Auditory processing disorder and hearing loss are often confused, but there is a key difference: hearing loss means having trouble hearing, whereas auditory processing disorder means being able to hear but not necessarily understand. Being familiar with the signs of auditory processing disorder can ensure you seek help for your child right away.
What Is Auditory Processing Disorder?
People with auditory processing disorder (APD) have difficulty:
- Listening in an area with a lot of background noise.
- Figuring out where sounds are coming from.
- Following directions with multiple steps.
- Participating in conversations.
- Concentrating on a task.
- Appreciating music.
APD affects between 3% and 5% of school-aged children. While it’s most common in kids, it can affect adults as well.
Causes of Auditory Processing Disorder
In many cases, the cause of APD is unclear. However, experts believe age, family history, prenatal issues, traumatic brain injury and other medical conditions can play a role.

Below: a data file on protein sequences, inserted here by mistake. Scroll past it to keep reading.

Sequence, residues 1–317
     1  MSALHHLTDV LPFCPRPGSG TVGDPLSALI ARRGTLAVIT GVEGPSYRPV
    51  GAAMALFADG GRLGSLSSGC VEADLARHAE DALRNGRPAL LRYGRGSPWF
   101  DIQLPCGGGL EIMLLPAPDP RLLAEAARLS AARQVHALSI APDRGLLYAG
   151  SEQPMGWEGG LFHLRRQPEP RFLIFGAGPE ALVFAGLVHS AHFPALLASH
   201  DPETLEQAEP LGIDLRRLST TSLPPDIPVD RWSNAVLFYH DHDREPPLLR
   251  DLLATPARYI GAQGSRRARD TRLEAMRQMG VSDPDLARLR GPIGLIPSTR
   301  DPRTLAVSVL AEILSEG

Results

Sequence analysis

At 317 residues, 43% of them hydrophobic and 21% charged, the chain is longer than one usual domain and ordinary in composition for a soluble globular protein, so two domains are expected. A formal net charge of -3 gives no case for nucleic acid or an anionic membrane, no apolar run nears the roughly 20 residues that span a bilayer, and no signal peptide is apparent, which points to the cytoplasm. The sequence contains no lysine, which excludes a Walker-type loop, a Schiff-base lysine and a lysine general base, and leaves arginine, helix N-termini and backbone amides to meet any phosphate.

Many people with APD also have ADHD or a language processing disorder, which can make an accurate diagnosis difficult.
Diagnosing Auditory Processing Disorder
If your child exhibits any of the above signs of APD, it’s important to take them to an audiologist to be evaluated right away, as APD can impact learning and school performance.
To make a diagnosis, an audiologist will first complete a thorough case history and may discuss any problems that occurred in utero in addition to what situations your child has most difficulty with.
Teachers, coaches and specialists at The Tacoma Community College Early Learning Center may be able to offer helpful information about your child’s symptoms.
Treatment for Auditory Processing Disorder
Unfortunately, there is no cure for APD, though there are a number of treatment options available that can make symptoms manageable. Though there may be some trial and error involved, treatment strategies that may be used include:
- Assistive listening technology.
- Auditory training.
- Compensatory strategies.
You can also make environmental changes, like requesting people speak slower, getting written instructions instead of verbal ones and sitting in front of the classroom.
For more information about auditory processing disorder or to schedule an appointment with an expert, call Evergreen Speech & Hearing Inc today!